There are many different greys you can use – you need to choose whether you want warm or cool grey and just how pale to mix it for your particular painting – I do suggest however that if you mix a grey with just black and white, add a little colour into it so that it doesn’t have a ‘dead’ look. The warmer the grey, the more dusty or sunlit it will look. Cooler greys suggest mist or smoke.
Can you see the soft grey at the right, which has been mixed from the 2 at left? That is the grey I will pick up on a rag to apply over the painting. I like to mix with a painting knife for a clean mix and easy wipe clean.
First dampening a small part of the rag with Retouching Varnish, I put my finger behind that part and rub it into the grey mix on the palette and begin applying it to the painting, starting at the top right hand corner…
Working my way down & picking up more paint mixed with Retouch Varnish as needed, I begin to create an effect of shafts of light as well as overall mist, by stroking with the rag at an angle…
I continue over the rest of the painting, heartened by the effect being achieved!
I realise that I’ve now overdone it and too much detail has been lost in the mist – so taking a clean dry part of the rag, I rub to remove some of the pale grey – still working at the same angle. If I need to take more off, I moisten the rag with clear retouch varnish only and rub.
I have seen an opportunity to focus on patches of dappled light as a feature in this painting and build up some softly sunlit areas. Sometimes we see this effect with early morning mist or with smoke.
Here is a close up to show the effect, which I have seen all too often in my childhood in my “little home among the gumtrees” (not unlike this one) in the Australian bush.
Ok now lets take a look at the before and after pictures and once again – you be the judge! Did misting improve it?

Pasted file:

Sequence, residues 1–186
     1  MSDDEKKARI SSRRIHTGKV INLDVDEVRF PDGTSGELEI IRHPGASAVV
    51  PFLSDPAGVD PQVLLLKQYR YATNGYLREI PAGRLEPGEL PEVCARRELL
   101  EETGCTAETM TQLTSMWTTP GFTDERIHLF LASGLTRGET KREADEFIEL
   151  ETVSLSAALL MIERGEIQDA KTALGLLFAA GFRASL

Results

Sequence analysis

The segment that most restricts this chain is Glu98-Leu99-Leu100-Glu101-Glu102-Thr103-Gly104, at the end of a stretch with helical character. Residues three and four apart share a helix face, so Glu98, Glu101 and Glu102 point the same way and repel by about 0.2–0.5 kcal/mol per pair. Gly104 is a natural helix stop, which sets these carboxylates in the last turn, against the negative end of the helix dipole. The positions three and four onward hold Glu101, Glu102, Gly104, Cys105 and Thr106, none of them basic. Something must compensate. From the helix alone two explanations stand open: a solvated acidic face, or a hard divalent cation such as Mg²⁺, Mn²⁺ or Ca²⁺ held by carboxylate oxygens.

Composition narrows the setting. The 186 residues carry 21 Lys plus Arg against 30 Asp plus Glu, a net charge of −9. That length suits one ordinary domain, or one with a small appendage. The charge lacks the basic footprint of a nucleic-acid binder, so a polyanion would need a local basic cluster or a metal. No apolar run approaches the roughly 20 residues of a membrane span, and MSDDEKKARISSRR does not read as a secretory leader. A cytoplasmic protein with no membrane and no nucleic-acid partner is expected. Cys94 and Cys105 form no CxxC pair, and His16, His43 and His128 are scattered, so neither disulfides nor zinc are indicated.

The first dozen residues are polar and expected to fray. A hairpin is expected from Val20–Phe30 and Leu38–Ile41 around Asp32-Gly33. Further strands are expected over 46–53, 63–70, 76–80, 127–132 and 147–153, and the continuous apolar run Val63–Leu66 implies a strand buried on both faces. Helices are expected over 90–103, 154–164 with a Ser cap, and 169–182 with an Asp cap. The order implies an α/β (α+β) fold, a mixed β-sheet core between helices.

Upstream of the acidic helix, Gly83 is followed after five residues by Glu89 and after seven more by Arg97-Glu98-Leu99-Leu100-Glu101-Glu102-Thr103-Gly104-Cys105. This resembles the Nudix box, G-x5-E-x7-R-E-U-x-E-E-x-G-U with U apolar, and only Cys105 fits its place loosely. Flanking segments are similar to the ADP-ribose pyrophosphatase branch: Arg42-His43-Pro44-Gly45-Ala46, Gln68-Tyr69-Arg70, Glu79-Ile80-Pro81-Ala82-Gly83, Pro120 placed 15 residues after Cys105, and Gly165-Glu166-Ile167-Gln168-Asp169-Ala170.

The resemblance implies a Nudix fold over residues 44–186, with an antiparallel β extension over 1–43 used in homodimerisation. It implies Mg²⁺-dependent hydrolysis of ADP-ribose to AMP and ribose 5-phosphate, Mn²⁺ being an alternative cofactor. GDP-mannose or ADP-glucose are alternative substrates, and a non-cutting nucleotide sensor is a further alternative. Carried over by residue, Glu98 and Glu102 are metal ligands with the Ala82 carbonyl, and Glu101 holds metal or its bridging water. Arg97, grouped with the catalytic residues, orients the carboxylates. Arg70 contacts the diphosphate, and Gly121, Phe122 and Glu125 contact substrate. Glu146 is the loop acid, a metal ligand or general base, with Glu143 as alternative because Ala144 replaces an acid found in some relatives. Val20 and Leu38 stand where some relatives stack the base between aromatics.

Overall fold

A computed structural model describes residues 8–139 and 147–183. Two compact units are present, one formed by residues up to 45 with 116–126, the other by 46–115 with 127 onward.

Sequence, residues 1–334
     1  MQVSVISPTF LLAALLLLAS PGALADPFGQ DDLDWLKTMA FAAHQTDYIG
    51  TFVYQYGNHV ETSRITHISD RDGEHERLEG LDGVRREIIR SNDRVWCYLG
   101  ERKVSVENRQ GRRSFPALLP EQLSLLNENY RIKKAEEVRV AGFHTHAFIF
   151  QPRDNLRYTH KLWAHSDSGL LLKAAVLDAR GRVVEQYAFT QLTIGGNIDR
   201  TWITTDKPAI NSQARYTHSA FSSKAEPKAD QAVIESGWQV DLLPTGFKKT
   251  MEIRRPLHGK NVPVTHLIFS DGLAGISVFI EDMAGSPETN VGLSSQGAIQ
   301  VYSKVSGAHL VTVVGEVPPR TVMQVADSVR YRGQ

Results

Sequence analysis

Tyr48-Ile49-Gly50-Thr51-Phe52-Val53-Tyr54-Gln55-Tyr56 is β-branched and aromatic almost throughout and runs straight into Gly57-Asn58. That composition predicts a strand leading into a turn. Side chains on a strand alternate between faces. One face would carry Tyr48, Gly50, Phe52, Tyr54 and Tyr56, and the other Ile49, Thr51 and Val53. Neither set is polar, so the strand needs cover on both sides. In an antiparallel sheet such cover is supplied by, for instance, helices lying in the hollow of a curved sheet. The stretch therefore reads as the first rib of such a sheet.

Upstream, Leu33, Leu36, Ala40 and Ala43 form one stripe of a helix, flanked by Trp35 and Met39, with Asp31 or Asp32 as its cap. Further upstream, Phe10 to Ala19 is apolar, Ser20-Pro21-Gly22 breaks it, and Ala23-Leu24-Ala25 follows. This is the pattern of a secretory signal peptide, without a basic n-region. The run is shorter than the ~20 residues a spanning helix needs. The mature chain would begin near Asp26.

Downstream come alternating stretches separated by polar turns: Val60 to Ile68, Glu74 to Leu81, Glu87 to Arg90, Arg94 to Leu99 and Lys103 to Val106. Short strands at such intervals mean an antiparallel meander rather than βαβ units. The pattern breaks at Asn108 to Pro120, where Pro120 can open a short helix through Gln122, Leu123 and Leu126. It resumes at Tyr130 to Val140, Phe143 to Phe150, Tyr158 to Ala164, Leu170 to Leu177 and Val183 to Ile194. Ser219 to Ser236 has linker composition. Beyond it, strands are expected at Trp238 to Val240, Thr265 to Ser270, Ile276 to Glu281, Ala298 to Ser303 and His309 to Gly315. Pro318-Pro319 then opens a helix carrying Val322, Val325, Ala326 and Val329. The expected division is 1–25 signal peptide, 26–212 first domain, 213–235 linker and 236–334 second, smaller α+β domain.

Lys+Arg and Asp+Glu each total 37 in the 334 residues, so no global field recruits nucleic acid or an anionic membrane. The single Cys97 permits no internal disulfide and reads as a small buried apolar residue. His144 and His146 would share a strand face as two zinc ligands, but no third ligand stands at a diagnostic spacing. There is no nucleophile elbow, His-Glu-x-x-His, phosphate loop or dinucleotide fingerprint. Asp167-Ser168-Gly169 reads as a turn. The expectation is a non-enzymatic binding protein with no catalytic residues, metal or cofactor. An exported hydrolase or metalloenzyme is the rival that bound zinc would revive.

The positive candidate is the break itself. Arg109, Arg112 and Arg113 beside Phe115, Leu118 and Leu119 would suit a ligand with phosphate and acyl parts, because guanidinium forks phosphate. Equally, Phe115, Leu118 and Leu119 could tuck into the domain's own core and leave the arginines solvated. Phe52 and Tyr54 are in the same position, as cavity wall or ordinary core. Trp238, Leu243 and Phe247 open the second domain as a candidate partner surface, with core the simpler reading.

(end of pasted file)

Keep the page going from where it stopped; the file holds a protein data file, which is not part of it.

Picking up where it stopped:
By the way, this is a great way to put in a whisp of smoke from a chimney or campfire in a painting or if you use a warm grey, suggest dust rising – for example around the feet of cattle or horses. I remember one of my classes were thrilled to learn this, as some were painting horses at the time and this meant they could disguise their feet, which they were having a lot of trouble with! Actually, I’ve seen some marvelous innovations by students to deal with this problem: water splashing up, dust rising, snow and long grass! Anything rather than learn how to paint their hooves properly! It has been a great source of amusement to me over the years. I’m sure in my earlier stages of learning I was guilty of it too!
Below is a diptych I painted in 2007. It has been on my wall opposite my easy chair so I have looked at it a lot. Slowly I came to wish it were softer and more mystical with cleaner lines to suit my meditational state when I sit in that chair. So, after some deliberation – down it came off the wall…
At first I set to and eliminated a fair bit of detail between the trees with a light cream paint. Then I felt the need to contrast the warm colours with cool and “let the mist roll in” to this Australian bush scene. It have loved the bush in morning mist so often as a child with the magpies carolling, that I decided that this was the effect I would try to achieve…so here it is:
Ah – now it can go back up on the wall and I know I will feel more peaceful when my eyes wander over this softened image.
Which version do you like best? After all, we are all different – so lets rejoice in our differences as we enjoy our growth and embrace all positive change.
How about some overall feedback from you? Do you like these effects? Are they useful to you?
I have found them invaluable over many years, both when using oils and acrylics. It’s a great way to achieve atmosphere in paintings.
All for now and Happy Painting to you all! Don’t forget, feedback and suggestions are very welcome, as this is all in the spirit of free sharing.